The research project investigates the integration of the Max Planck Society into German science policy decision-making processes between the 1960s and the late 1990s. At the beginning of the 1960s, the Max-Planck-Society (MPG), the German Research Foundation (DFG), the West German Rectors' Conference (WRK) and the German Science Council (Wissenschaftsrat) informally founded the Alliance of Science Organisations in order to take a joint position on central questions of science policy and thus actively shape German science policy. As one of the four founding members of the Alliance of Science Organisations, the MPG played an important role not only in its formation, but also in the decades that followed.
The research project therefore aims to investigate the significance of the MPG for the formation and development of the Alliance as an actor in German science policy. In particular, it will be analysed in which way and to what extent the MPG interacted with the other actors of the German science and innovation system – with whom did the MPG cooperate and/or compete? The project thus contributes to the reconstruction of the history of the MPG by shedding light on the role the Max Planck Society in the field of science policy.
The Alliance of Science Organisations acts as an intermediary agent of self-governing research and thus as a corporatist element of research organisation. One of its central tasks was (and is) to cooperatively eliminate structural and situational conflicts between the individual members that result from the intensifying constellation of competition for state resources – by joining forces and cooperating. Consequently, the Alliance of Science Organisations operates between the poles of cooperation and competition
In addition, the project is guided by the question to what extent the traditions of the so-called "German model" of corporatist policy-making can also be identified in the field of science policy and how this model reacted to the Europeanisation of research during the second half of the 20th-century.
Finally, the epistemic effects of corporatistically negotiated science policy and the growing economisation of science are taken into consideration. Case studies on selected areas of research will be used to identify how cooperation and competition influenced research practices.
Scientific Prerequisites for Building an Infrastructure for the Long-Term Archiving of Research Data: "Archival Cultural Heritage Online" (ArCHO)
The research cooperation between the Research Program “History of the Max Planck Society” (GMPG) based at the Max Planck Institiute for History of Science in Berlin and the Gesellschaft für Wissenschaftliche Datenverarbeitung mbH Göttingen (GWDG) has the goal of creating the scientific concepts and requirements for building a sustainable infrastructure that enables the long-term archiving of research data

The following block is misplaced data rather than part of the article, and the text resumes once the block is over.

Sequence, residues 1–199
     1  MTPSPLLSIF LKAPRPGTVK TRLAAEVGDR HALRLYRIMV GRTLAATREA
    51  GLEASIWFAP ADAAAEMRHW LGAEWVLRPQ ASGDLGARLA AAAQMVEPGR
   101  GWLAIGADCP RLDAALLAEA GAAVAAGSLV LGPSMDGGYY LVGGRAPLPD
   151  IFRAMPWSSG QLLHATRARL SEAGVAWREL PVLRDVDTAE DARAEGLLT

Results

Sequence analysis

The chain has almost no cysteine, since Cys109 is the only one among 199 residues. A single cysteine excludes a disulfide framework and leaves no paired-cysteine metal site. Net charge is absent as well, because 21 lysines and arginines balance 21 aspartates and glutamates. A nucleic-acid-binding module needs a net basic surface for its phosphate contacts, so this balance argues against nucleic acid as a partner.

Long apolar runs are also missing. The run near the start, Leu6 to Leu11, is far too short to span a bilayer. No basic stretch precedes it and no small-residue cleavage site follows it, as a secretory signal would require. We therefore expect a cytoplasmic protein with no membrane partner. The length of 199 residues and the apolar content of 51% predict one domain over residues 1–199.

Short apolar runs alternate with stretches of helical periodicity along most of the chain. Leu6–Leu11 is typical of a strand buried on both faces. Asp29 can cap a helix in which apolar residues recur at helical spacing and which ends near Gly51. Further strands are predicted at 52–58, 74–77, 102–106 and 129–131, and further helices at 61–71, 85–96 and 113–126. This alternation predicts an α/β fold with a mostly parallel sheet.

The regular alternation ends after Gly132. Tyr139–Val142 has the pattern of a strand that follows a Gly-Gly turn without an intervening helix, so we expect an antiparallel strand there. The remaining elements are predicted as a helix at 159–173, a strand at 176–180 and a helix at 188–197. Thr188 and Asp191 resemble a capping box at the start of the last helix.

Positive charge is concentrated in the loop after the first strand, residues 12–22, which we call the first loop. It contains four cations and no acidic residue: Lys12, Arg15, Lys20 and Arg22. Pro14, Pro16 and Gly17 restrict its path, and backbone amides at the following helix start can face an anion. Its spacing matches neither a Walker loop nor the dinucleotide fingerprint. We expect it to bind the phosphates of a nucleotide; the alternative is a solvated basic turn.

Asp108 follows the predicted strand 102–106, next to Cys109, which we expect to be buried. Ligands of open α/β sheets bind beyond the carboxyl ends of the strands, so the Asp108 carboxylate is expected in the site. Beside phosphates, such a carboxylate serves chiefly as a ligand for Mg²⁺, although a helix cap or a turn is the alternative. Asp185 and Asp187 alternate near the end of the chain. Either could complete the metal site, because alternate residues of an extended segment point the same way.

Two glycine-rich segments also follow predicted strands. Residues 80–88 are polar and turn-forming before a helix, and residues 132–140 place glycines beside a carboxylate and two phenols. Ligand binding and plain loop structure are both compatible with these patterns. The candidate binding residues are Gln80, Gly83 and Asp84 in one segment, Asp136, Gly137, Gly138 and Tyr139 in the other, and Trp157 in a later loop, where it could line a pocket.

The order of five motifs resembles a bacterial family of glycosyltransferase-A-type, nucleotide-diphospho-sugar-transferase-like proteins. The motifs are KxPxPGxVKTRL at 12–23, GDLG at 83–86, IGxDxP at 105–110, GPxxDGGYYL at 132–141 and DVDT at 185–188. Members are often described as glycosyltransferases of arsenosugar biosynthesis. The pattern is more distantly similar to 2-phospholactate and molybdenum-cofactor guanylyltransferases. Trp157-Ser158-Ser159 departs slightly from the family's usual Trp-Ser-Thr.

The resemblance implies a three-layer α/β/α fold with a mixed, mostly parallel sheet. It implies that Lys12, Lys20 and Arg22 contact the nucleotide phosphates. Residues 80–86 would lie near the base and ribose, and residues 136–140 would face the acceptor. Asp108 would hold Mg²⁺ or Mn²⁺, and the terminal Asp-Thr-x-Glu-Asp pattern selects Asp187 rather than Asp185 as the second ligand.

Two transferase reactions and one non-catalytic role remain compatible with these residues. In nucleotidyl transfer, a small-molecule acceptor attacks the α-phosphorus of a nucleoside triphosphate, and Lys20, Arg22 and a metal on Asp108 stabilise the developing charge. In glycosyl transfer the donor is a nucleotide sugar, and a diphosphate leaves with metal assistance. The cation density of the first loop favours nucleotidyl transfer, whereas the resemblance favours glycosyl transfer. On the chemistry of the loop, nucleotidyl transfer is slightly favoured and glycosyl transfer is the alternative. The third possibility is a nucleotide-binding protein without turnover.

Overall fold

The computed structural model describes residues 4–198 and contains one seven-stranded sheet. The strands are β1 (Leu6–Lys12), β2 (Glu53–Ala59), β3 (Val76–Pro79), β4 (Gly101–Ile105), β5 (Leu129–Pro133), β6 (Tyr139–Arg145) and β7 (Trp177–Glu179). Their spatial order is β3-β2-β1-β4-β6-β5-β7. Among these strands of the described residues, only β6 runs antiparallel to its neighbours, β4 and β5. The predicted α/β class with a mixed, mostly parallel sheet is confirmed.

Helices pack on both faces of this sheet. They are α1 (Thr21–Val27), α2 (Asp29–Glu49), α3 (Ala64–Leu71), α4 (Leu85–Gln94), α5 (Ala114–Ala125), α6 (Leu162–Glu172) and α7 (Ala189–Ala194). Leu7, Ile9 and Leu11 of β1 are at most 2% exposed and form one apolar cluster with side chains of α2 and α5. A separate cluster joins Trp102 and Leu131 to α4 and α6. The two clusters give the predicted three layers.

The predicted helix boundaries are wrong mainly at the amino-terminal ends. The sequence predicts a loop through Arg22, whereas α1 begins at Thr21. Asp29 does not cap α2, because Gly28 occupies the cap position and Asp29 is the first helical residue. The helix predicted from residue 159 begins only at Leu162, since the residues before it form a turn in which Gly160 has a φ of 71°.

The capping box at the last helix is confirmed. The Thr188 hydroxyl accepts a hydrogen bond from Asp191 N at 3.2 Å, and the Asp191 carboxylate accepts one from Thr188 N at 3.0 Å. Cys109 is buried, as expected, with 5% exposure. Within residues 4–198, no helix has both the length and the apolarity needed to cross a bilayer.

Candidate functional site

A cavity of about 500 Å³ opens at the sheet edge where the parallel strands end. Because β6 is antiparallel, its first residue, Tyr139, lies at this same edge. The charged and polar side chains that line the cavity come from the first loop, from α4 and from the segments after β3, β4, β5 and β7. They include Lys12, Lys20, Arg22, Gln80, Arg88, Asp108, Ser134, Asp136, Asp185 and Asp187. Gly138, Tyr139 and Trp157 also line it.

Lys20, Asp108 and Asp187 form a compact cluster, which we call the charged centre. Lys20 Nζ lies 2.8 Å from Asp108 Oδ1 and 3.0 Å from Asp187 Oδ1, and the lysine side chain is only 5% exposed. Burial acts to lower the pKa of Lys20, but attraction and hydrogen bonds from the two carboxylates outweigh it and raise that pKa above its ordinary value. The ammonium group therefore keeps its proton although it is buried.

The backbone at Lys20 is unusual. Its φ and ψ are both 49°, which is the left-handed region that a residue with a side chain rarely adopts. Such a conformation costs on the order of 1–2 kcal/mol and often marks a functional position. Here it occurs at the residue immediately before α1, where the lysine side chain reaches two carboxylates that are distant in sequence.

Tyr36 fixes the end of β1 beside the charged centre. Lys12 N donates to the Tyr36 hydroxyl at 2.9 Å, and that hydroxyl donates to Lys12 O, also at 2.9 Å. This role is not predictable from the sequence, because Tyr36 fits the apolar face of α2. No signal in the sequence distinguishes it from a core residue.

Dr. Philipp Wieder
Scientific & Technical Consultant
Philipp Wieder (PhD in Computer Science, TU Dortmund, 2013) is a specialist for research infrastructures and service design. He has distinct experience in distributed systems, IT service management, project management, and research-related services. Philipp Wieder is Deputy Head of GWDG and leading their Working Group "eScience".
Urs Schoepflin (diploma in sociology, Freie Universität Berlin, 1975) is a specialist for digital collections and of the digitization of cultural heritage. He has worked and published on digital libraries, open access, scholarly communication and scientometrics. Prior to his position in the framework of the cooperation GWDG-GMPG he was director of the Research Library of the Max Planck Institute for the History of Science 1994–2015.
Dr. Ulrich Schwardmann
Scientific & Technical Consultant
Ulrich Schwardmann is the deputy head of the Working Group „eScience“ at the Gesellschaft für wissenschaftliche Datenverarbeitung Göttingen (GWDG).
Arizona State University
Dr. Manfred D. Laubichler
Manfred D. Laubichler is President’s Professor of Theoretical Biology and History of Biology at Arizona State University and a professor at the Santa Fe Institute. He and his group study among others the problem of evolutionary innovations—from genomes to technologies and knowledge systems. To this end Laubichler and his team develop novel analytical methods (big data computational history of science) and a general theory of phenotypic and knowledge evolution (extended evolution theory). Laubichler first studied zoology and mathematics in Vienna and received his PhD in Biology from Yale University before studying history and history of science at Princeton. His honors include being an elected fellow of the American Association for the Advancement of Science (AAAS).
Within the GMPG Research Program Laubichler focuses on the role of the MPG within the development and differentiation of the life sciences, including international comparisons.